The Waste Electrical and Electronic Equipment Directive or WEEE Directive as it is otherwise known, was introduced into UK law in January 2007 by the Waste Electronic and Electrical Equipment Regulations 2006.
The aim of the WEEE Directive is to reduce the amount of electrical and electronic equipment being produced, and
to encourage everyone to reuse, recycle and recover IT products. All sensitive information and computers must be
disposed of in a secure manner.
Importers, re-branders, manufacturers, sellers and businesses dealing with new electrical or electronic equipment will need to comply with the UK’s WEEE regulations to help improve the disposal of electronic goods in the industry.
The regulations help to ensure that less business waste ends up on landfill sites and that more is collected separately for treatment and recovery.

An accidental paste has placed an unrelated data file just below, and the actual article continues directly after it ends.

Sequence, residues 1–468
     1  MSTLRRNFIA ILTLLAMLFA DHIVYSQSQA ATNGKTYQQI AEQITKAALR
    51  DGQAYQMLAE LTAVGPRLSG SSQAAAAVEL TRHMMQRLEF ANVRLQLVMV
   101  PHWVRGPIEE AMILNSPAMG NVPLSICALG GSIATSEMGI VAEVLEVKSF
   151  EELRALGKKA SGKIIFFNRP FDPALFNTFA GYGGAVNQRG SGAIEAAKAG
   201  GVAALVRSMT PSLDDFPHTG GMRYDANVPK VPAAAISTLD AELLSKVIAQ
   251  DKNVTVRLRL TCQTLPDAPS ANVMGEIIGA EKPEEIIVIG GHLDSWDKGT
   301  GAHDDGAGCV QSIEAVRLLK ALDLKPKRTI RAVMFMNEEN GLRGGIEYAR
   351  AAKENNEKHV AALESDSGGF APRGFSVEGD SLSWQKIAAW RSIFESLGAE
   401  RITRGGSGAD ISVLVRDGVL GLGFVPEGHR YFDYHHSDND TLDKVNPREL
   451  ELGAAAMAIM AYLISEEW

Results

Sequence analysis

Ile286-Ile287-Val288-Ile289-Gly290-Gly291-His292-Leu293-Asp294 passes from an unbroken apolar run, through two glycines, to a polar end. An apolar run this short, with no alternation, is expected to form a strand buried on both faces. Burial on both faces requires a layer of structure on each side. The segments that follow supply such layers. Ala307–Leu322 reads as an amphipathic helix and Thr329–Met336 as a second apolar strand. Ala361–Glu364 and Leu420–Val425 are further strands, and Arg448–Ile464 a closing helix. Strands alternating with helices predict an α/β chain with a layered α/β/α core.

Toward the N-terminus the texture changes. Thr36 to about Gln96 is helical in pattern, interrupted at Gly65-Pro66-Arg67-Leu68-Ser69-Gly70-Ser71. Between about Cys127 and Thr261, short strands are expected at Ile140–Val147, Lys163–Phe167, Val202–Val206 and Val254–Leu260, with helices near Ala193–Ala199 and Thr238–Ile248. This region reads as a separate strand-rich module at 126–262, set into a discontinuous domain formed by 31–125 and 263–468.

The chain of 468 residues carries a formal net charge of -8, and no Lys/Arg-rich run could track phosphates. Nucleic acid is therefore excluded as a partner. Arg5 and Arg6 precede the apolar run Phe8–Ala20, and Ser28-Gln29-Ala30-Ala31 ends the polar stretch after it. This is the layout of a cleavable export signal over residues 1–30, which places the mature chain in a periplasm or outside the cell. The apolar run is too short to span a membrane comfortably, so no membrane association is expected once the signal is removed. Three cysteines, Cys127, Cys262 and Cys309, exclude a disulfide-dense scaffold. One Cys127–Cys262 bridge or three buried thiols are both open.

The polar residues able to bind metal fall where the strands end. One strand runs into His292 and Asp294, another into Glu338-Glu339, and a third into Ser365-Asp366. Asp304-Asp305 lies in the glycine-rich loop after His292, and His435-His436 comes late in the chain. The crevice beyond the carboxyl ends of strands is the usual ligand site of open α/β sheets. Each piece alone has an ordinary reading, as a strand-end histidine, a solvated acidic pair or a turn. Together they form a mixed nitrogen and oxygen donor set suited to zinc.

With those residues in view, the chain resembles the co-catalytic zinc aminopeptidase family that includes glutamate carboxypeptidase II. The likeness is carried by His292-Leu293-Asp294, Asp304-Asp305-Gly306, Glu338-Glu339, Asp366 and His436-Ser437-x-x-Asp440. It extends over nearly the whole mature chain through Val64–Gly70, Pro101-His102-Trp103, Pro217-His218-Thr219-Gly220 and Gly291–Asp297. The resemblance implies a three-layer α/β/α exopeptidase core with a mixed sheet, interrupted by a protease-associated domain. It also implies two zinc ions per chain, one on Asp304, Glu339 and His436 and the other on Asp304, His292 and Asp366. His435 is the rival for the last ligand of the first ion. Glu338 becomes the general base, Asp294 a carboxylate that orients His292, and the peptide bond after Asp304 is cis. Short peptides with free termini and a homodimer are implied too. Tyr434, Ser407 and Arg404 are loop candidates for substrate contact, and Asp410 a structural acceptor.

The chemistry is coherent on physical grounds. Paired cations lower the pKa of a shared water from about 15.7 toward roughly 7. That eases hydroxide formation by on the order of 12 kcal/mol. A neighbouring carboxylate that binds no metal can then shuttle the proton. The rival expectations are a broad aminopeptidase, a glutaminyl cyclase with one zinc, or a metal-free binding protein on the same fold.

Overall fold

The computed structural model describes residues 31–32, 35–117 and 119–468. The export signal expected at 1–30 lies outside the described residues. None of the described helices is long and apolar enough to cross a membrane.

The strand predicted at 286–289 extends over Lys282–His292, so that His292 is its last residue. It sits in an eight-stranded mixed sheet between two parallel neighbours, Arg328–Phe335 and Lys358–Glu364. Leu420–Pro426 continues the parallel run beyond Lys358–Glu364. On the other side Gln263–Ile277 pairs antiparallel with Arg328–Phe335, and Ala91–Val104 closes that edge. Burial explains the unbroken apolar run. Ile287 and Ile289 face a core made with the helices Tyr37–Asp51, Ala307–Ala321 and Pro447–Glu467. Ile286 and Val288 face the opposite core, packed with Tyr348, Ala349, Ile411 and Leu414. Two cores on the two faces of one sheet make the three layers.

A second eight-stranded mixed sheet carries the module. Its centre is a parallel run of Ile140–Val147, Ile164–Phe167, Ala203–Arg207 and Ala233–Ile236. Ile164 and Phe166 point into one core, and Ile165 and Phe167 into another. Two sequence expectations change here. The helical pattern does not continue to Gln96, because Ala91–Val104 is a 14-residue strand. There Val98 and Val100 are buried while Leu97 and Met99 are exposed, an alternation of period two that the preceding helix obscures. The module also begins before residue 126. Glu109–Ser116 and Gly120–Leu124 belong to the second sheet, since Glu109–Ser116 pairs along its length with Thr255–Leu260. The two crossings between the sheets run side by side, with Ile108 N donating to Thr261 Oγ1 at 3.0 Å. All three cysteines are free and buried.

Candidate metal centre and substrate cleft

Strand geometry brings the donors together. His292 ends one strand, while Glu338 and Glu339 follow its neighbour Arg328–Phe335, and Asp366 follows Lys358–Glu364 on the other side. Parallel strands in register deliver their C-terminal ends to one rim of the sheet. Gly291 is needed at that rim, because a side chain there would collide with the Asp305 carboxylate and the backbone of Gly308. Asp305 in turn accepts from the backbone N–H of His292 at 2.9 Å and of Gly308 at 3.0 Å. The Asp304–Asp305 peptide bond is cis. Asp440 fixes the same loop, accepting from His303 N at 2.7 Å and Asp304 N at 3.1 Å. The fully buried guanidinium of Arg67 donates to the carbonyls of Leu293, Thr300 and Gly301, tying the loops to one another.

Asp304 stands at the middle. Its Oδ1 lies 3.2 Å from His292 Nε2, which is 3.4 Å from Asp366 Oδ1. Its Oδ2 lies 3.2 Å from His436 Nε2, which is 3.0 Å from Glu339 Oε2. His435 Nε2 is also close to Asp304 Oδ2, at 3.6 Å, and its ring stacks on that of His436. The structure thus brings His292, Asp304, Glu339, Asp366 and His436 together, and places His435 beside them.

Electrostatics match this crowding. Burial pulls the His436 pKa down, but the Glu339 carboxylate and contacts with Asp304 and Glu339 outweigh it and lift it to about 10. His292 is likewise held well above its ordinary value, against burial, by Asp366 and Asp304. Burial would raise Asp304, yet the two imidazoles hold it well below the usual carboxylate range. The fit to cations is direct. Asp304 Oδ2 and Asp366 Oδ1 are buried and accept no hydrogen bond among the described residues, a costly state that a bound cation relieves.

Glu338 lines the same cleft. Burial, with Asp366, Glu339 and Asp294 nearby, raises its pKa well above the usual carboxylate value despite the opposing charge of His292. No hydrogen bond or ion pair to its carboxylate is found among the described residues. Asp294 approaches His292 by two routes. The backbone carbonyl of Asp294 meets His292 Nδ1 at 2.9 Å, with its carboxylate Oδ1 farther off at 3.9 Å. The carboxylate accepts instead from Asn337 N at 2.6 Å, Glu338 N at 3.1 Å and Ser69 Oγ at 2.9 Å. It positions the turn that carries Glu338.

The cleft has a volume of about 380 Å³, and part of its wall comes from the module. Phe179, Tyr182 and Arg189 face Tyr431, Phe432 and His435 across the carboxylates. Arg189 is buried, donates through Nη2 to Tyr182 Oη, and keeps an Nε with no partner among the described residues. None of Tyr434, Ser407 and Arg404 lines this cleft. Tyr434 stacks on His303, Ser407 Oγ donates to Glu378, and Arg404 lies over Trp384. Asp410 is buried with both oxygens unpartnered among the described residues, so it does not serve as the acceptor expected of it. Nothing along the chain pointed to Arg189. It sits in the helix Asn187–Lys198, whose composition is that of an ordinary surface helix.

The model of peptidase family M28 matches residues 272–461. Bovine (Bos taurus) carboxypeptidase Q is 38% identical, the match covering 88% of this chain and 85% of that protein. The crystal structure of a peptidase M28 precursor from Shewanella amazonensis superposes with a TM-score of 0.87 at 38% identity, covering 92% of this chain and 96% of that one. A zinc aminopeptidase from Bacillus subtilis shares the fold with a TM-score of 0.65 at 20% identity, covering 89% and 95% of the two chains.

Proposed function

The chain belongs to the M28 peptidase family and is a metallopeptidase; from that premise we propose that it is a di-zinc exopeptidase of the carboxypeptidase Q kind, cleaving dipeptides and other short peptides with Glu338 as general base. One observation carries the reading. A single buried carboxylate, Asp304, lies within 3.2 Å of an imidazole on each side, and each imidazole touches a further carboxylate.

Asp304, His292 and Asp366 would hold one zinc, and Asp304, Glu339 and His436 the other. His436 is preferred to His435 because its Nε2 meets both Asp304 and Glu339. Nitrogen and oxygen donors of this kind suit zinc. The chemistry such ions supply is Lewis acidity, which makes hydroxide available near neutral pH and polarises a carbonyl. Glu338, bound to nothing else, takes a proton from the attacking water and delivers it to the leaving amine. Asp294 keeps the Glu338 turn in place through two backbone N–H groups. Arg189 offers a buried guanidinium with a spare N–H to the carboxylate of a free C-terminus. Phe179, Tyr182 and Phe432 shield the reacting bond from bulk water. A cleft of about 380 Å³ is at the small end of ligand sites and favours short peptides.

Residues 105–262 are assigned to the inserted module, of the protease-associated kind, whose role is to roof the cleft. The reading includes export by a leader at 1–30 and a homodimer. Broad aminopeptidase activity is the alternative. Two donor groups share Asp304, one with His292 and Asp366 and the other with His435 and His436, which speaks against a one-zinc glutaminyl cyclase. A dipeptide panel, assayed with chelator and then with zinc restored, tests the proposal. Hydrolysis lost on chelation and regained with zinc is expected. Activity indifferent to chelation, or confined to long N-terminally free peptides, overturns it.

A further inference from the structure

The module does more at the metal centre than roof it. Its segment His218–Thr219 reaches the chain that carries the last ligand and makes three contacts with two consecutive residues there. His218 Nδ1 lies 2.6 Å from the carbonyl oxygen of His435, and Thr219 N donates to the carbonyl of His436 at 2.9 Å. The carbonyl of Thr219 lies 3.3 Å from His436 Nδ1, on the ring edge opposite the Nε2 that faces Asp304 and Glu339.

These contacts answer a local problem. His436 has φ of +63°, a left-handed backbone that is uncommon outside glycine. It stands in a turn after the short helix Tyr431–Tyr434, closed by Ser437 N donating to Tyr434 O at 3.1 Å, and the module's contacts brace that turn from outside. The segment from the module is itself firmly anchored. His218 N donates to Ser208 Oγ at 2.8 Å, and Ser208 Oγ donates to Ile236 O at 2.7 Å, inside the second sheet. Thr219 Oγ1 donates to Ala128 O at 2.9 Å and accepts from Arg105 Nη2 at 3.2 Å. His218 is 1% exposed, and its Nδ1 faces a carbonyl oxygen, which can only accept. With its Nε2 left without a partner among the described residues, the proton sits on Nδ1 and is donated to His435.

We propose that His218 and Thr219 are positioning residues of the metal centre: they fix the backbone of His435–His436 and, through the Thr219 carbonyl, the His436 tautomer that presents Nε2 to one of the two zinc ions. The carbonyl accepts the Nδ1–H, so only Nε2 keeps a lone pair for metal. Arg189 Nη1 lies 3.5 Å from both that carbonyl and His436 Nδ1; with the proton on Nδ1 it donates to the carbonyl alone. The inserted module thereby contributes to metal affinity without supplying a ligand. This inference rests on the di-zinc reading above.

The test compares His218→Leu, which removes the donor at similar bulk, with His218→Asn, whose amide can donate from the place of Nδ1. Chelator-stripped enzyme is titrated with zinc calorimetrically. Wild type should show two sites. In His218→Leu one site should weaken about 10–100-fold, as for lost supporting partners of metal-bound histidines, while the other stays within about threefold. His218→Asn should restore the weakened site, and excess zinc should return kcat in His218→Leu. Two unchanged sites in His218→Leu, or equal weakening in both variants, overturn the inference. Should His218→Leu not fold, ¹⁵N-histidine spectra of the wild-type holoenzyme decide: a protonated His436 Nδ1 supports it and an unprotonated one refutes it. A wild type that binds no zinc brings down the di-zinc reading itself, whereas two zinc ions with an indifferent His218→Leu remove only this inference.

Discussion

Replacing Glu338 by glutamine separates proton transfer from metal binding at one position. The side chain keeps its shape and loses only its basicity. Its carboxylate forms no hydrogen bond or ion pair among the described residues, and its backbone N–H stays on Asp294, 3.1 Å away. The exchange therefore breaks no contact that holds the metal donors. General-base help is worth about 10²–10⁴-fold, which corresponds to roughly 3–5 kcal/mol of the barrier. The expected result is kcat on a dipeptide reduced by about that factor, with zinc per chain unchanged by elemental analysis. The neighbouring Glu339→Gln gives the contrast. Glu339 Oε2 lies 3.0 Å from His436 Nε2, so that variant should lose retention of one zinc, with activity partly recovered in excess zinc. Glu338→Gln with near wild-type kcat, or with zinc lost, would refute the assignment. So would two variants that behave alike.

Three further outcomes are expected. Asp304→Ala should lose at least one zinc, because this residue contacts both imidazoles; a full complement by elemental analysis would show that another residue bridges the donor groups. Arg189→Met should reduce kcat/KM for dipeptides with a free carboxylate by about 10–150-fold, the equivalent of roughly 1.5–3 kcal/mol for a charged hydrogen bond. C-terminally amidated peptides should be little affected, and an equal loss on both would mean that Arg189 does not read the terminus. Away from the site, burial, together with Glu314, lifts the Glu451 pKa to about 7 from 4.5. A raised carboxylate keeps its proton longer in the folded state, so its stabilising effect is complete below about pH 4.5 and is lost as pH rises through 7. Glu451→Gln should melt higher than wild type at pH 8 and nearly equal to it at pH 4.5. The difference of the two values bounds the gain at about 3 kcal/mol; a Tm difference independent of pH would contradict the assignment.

The WEEE directive also helps to meet recycling targets by making producers, rather than end users, pay for the treatment and recycling of electronics. In many cases this shift of the costs associated with WEEE disposal, from the end user to producers, has a significant impact on purchasing and disposal arrangements.
Failure to comply with these regulations could result in the following penalties:
- Minimum £5,000 fine per prosecution; maximum unlimited
- Possible ban from company directorship
- Civil action from the data subject
- Costs claimed against your company
- Possible forced closure of business by the Commissioner’s office